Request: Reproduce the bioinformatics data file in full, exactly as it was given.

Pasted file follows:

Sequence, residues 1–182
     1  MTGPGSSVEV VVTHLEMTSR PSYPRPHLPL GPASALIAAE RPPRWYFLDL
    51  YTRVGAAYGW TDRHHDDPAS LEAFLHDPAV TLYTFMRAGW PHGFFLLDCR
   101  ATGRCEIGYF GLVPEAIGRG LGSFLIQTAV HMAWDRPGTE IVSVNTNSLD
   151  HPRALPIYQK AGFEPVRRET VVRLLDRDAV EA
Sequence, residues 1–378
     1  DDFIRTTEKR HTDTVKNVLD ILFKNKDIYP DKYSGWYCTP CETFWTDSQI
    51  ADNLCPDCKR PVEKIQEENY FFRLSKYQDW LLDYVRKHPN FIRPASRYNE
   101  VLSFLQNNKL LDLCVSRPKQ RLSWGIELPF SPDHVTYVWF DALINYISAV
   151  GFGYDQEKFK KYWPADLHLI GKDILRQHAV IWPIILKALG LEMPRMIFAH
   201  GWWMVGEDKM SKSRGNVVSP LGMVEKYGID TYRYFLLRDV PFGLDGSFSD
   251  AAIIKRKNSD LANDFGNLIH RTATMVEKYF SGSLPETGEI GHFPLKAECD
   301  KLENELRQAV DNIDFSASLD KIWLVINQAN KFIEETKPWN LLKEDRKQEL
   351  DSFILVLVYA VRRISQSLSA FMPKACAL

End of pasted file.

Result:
Sequence, residues 1–182
     1  MTGPGSSVEV VVTHLEMTSR PSYPRPHLPL GPASALIAAE RPPRWYFLDL
    51  YTRVGAAYGW TDRHHDDPAS LEAFLHDPAV TLYTFMRAGW PHGFFLLDCR
   101  ATGRCEIGYF GLVPEAIGRG LGSFLIQTAV HMAWDRPGTE IVSVNTNSLD
   151  HPRALPIYQK AGFEPVRRET VVRLLDRDAV EA
Sequence, residues 1–378
     1  DDFIRTTEKR HTDTVKNVLD ILFKNKDIYP DKYSGWYCTP CETFWTDSQI
    51  ADNLCPDCKR PVEKIQEENY FFRLSKYQDW LLDYVRKHPN FIRPASRYNE
   101  VLSFLQNNKL LDLCVSRPKQ RLSWGIELPF SPDHVTYVWF DALINYISAV
   151  GFGYDQEKFK KYWPADLHLI GKDILRQHAV IWPIILKALG LEMPRMIFAH
   201  GWWMVGEDKM SKSRGNVVSP LGMVEKYGID TYRYFLLRDV PFGLDGSFSD
   251  AAIIKRKNSD LANDFGNLIH RTATMVEKYF SGSLPETGEI GHFPLKAECD
   301  KLENELRQAV DNIDFSASLD KIWLVINQAN KFIEETKPWN LLKEDRKQEL
   351  DSFILVLVYA VRRISQSLSA FMPKACAL